I didn’t become a gun rights advocate that day, or even a gun owner.  But from that moment forward, I’ve never believed that gun control laws make good people in bad neighborhoods any safer.  If gun control worked, it would be the criminal waiting months to find a gun on the black market, while the law abiding zipped through the speedy process of legally acquiring a firearm.  Instead, in gun control enclaves from Los Angeles to Chicago, D.C. to Camden, it’s the good people who are forced to wait, who are arbitrarily denied the exercise of their fundamental right to keep and bear arms, while the criminals easily get a hold of guns.  And make no mistake; even in the worst neighborhoods, the good people far outnumber the criminals.

I wrote that in 2013, and the only thing I wish I could go back and revise was that last paragraph. I know that even good people can easily get a gun for self-protection if they’re willing to do it illegally. And sometimes those folks get caught, and arrested, and sentenced to prison for possessing a gun without a government issued permission slip.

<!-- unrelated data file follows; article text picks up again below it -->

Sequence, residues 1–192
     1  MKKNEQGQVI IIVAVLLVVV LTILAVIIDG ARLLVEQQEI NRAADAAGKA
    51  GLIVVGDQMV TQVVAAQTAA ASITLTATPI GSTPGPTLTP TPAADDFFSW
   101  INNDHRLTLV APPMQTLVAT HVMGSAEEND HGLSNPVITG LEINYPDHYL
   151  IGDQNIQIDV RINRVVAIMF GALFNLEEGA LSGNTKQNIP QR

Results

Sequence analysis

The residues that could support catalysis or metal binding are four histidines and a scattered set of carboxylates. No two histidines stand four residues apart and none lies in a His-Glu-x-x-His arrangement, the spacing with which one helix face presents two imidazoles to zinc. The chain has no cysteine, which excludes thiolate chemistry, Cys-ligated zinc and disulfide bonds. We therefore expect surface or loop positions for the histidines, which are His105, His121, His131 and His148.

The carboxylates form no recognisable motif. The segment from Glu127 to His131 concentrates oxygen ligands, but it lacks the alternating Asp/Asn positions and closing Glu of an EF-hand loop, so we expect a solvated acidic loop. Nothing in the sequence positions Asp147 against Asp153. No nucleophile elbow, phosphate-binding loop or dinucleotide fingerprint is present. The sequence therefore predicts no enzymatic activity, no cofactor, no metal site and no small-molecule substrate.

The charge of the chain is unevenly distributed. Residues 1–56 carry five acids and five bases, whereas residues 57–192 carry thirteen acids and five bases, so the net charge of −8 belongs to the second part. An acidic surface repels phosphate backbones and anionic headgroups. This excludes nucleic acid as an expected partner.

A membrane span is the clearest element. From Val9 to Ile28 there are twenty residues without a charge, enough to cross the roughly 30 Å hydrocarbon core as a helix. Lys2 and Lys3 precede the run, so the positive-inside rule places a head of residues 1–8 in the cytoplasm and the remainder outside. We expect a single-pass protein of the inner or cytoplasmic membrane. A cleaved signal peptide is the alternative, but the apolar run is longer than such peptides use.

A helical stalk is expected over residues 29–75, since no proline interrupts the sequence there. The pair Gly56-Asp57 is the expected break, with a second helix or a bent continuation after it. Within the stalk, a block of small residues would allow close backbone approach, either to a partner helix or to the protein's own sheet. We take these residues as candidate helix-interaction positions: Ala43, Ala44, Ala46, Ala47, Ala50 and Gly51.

That’s not how we treat rights, and Sharone Mitchell Jr. is absolutely accurate when he says that the Second Amendment doesn’t exist in the South Side of Chicago. It doesn’t exist in South Central L.A. either. It’s a non-entity in Camden, Newark, and Trenton, New Jersey. Dorchester, the Bronx, and Baltimore.. all places where the Second Amendment doesn’t exist because bearing arms in self-defense without the express written permission of the state or local government will put you prison.

That will soon change, hopefully. And while Sharone Mitchell and other public offenders will undoubtably still be busy even after the Supreme Court issues its ruling in NYSPRA v. Bruen, lets hope that the opinion is strong enough to put a halt to the current abuses of the right to bear arms.